- Note that unlike the Furlough Scheme, the Job Support Scheme does not cover statutory notice pay, which may be a significant expense should redundancies be made post-Furlough Scheme.
- If relevant, review your current Furlough Scheme arrangements and plan ahead to transition employees onto the Job Support Scheme if appropriate, depending on customer demand. There is also a strong possibility that the 1/3rd minimum working hours could be increased during the scheme; does your company anticipate the market picking back up to be able to offer this?
How will the new scheme work?
In order to receive a Government subsidy, the employee must return to work at least a third of their normal working hours, which will be paid by the employer. For the remaining unworked hours, the employer and Government will each cover one third of the lost pay, with the remainder being forfeited (meaning employees working 33% of their regular hours will receive 78% of their total pay). The Governments contribution is capped at £697.92 per month.
As a practical example, we take an employee usually working full time, 5 days a week, earning £350 per week. Their employer is suffering from reduced trade due to the COVID-19 impact, and decides to place them on the JSS.
To be eligible, the employee must be working a third of their regular hours, which could be done by bringing them back for 2 days a week (40% of their usual hours). The contributions would then be as follows:
- Employer pays £140 for the days the employee works;
- Employer contributes 1/3rd to the 3 unworked days: £70
- Government contributes 1/3rd to the 3 unworked days: £70
- Employee forfeits the remaining £70.
The scheme is automatically open to all SME’s (250 employees or less) as long as the employee was employed (i.e on your PAYE payroll) on or before the 23rd September. Larger companies wishing to use the scheme will have to undergo a financial assessment test to evidence a loss of income due to the pandemic. There is no need for employers to have used the existing Furlough Scheme to be eligible to apply for the JSS.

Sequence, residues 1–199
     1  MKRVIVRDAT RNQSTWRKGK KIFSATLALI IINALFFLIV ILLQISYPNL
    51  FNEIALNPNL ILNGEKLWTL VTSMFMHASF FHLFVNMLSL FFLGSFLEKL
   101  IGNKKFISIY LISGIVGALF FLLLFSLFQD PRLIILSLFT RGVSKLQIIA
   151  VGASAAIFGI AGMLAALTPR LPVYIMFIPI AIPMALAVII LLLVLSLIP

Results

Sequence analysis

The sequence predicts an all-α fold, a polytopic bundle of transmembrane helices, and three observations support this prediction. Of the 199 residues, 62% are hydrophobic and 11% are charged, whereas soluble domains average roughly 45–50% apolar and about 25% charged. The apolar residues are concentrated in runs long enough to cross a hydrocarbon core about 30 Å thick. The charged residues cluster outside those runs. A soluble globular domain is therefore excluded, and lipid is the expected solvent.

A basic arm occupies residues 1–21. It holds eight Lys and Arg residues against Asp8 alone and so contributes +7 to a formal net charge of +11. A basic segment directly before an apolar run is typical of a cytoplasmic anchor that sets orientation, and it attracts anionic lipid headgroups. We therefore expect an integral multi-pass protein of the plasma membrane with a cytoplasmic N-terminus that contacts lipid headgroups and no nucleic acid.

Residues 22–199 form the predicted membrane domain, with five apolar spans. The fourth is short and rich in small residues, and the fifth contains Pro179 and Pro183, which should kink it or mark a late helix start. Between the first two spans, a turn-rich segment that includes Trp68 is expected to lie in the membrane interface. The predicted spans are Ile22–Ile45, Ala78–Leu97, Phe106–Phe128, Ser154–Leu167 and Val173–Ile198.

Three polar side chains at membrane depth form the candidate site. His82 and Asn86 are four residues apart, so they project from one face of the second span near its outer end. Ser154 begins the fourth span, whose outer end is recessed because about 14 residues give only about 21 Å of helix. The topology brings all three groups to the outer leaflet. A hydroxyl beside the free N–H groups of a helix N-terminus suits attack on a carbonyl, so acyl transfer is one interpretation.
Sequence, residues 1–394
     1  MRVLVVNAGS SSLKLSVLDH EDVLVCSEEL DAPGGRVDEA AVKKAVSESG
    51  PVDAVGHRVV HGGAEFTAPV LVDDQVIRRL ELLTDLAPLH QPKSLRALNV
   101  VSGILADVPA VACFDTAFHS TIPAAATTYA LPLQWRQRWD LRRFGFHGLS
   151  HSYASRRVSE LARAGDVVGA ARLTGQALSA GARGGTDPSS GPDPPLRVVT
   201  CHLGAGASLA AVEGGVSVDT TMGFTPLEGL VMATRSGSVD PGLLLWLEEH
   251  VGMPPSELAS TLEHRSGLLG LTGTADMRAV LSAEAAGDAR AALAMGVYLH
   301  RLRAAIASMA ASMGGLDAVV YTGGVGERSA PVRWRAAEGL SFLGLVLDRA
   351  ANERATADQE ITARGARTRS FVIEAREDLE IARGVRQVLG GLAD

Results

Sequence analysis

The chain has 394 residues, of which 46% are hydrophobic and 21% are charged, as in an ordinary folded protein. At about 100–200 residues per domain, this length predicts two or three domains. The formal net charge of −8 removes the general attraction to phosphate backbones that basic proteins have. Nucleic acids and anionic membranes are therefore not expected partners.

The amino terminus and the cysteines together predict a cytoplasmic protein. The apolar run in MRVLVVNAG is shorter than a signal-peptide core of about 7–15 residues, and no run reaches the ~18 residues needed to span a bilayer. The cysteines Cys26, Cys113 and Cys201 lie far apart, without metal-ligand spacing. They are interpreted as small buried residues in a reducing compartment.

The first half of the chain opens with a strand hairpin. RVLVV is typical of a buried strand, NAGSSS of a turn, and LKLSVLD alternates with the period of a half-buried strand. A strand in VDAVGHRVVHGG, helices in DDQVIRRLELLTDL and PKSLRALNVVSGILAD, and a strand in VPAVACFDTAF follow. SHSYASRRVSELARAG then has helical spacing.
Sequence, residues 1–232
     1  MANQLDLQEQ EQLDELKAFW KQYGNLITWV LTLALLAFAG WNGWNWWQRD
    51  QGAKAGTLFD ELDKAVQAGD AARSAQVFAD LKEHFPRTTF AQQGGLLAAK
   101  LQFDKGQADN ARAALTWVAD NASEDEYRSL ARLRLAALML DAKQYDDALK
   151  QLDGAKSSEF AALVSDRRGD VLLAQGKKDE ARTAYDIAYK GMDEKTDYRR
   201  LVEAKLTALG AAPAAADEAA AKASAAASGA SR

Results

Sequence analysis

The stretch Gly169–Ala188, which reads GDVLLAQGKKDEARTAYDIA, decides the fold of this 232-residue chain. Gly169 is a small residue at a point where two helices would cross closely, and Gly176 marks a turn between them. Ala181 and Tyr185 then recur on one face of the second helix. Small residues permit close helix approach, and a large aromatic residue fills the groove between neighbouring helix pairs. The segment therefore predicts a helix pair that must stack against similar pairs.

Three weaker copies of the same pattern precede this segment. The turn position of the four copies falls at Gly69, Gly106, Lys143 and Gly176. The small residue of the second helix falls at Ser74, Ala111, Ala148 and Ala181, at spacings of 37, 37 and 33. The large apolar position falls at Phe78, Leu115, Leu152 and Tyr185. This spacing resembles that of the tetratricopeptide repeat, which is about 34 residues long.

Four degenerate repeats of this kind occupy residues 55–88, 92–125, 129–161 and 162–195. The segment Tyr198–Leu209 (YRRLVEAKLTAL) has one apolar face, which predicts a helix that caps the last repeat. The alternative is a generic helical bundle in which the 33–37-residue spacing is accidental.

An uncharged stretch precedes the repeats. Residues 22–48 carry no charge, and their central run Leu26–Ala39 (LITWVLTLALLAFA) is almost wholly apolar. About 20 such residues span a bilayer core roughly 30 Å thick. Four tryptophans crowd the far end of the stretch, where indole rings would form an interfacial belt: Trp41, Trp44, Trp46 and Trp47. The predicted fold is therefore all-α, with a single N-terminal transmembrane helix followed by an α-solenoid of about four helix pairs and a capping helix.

What is a ‘viable’ job’?
Many businesses will have been concerned by the Chancellor’s announcement that: “I cannot save every business, I cannot save every job”. The new scheme is a shift in emphasis to protecting viable jobs in businesses and not jobs and businesses which are “not viable”.
There has been significant media attention to the term “viable job” but there is no current policy definition of this term and it seems likely that this will be decided by the post lockdown trading conditions. Lord Wolfson, owner of clothing brand ‘Next’, has suggested that, in his view, thousands of traditional retail jobs are now ‘unviable’ as lockdown has triggered a permanent shift to online shopping.
For any further advice on how the new scheme may be used to support your business, or support with restructuring/changes to employee terms and conditions please contact a member of the Burnetts Employment and HR team on 01228 552222 or email email@example.com. Please note that both telephone and video appointments can be arranged.